On canes, in chrome chairs, or led by
hand they take their seats on this side
of Styx. One wears Cher-like shades
over a butterfly rash, another has fit
her limbs’ grimace into the pink
of a madras dress. Someone breathes
heavily in the corner. Your name
stands on a manila file by the door.
I take the empty seat beside you.
Named. So that we now approach
this beast as museum goers who
may look, look but do not touch
Egyptian treasure, the Dutch
master’s hairline intaglio. Or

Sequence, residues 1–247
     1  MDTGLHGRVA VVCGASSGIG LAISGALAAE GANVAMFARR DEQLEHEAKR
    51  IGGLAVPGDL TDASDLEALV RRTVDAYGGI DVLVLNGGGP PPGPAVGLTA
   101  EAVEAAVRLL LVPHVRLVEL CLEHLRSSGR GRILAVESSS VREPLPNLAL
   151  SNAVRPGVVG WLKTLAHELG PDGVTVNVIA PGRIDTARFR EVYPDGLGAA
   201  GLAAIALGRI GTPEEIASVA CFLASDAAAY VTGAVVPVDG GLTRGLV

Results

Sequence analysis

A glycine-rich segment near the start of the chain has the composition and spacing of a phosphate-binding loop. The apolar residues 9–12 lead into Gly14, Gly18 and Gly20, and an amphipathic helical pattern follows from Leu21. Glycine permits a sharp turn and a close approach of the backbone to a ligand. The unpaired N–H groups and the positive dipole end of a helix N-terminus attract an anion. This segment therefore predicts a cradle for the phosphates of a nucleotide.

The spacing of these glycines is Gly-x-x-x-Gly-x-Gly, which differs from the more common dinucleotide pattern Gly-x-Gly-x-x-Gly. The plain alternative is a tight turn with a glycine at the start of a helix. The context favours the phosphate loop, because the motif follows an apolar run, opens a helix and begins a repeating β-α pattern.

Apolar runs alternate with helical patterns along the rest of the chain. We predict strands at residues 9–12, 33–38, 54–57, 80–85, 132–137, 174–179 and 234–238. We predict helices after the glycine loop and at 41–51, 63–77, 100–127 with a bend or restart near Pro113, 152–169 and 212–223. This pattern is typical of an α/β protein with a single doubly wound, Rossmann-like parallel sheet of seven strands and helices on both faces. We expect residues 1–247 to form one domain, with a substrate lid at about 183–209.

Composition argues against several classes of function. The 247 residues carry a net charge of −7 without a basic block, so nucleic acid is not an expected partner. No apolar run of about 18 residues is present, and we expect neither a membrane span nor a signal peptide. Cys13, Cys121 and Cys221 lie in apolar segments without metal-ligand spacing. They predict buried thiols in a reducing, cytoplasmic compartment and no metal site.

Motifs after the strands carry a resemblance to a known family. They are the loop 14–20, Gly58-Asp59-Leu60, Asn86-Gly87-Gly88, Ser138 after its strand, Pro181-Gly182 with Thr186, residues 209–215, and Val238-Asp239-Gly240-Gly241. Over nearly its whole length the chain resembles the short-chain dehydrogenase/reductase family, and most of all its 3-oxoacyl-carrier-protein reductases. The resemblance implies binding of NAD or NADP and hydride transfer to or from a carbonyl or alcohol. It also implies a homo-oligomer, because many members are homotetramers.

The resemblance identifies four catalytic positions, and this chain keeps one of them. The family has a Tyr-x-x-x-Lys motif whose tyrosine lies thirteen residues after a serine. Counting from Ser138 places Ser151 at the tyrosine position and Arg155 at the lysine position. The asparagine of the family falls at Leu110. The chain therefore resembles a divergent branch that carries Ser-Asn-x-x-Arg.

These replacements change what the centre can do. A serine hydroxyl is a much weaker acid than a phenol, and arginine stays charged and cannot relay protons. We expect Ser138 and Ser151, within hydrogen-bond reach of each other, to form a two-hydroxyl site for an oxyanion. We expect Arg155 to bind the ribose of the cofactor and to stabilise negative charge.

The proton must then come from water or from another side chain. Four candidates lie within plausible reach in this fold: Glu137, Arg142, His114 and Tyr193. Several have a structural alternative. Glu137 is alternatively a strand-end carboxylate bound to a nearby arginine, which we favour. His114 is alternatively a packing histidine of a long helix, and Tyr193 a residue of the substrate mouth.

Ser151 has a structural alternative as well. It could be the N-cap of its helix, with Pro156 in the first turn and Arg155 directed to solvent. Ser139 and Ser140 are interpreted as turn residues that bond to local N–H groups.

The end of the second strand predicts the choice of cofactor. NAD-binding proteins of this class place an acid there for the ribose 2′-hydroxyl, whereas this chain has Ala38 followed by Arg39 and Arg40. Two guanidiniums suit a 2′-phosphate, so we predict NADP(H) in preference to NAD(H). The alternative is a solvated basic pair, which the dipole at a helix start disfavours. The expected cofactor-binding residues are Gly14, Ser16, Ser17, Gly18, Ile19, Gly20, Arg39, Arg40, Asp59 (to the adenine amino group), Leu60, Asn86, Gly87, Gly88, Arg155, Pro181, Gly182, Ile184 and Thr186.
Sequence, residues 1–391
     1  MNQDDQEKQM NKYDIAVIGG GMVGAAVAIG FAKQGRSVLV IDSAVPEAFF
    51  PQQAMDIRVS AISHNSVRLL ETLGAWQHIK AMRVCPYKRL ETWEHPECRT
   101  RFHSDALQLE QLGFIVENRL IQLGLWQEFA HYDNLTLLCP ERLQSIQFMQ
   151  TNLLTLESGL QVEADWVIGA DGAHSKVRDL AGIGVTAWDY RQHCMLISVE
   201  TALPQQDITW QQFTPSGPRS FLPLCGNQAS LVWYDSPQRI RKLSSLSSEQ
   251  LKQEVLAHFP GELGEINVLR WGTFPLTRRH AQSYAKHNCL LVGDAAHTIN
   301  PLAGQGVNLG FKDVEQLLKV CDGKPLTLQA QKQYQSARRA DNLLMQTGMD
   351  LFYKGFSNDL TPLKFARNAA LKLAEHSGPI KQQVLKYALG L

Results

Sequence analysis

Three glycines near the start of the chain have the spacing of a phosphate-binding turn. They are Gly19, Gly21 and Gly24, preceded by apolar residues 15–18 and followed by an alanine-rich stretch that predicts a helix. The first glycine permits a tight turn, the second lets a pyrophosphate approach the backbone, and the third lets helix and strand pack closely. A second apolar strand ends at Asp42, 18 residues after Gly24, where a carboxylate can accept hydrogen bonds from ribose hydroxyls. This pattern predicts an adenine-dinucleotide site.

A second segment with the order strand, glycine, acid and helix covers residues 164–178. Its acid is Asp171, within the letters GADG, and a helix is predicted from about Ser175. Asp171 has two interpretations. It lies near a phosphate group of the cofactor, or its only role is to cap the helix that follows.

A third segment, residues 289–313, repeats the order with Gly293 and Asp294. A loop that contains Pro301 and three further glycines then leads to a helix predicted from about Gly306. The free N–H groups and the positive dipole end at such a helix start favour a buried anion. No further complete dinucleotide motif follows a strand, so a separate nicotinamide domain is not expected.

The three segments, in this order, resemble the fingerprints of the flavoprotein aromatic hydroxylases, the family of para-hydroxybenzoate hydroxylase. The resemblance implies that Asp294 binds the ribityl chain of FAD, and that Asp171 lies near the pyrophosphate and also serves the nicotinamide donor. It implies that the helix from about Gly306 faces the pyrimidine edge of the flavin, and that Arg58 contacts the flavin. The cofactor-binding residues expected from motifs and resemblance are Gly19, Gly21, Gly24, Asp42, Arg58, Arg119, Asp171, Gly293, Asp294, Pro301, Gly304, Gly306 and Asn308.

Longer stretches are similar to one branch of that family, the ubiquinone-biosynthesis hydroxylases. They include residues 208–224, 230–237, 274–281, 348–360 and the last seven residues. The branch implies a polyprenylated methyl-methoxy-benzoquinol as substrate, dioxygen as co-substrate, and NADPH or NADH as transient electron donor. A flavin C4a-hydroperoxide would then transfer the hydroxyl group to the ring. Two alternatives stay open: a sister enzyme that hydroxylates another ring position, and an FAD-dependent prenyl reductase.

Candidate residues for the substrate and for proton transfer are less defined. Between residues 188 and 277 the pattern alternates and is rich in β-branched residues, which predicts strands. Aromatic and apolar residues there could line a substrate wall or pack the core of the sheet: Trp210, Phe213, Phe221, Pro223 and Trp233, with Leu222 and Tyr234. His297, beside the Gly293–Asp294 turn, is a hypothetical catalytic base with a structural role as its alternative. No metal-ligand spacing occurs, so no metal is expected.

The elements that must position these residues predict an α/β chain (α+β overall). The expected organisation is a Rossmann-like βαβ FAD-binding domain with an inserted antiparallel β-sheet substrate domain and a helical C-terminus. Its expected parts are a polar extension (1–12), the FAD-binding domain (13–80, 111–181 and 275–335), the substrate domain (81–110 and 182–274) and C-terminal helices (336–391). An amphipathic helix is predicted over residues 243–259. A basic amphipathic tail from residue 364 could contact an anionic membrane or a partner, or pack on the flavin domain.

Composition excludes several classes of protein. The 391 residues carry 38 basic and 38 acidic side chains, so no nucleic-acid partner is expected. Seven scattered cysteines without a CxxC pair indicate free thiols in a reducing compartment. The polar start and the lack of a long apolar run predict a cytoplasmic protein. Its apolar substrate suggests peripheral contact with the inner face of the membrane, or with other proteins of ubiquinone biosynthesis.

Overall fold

botanists beside a Chernobyl
bloom: as if the hex or cure
were locked inside one glowing
bud, the pink fist of a phoneme.
Wounds are mouths in Kafka
speaking in German riddles across
a childhood bedroom where curtains
luff and sink in summer air. An ache
opens the voice of the body, calls
across ten states’ length of room.
My pillow hot with your fever,
my hands mumbling to your
hands’ bouquet of virus blisters.
"Diagnosis" first appeared in Harvard Review, Vol. 37.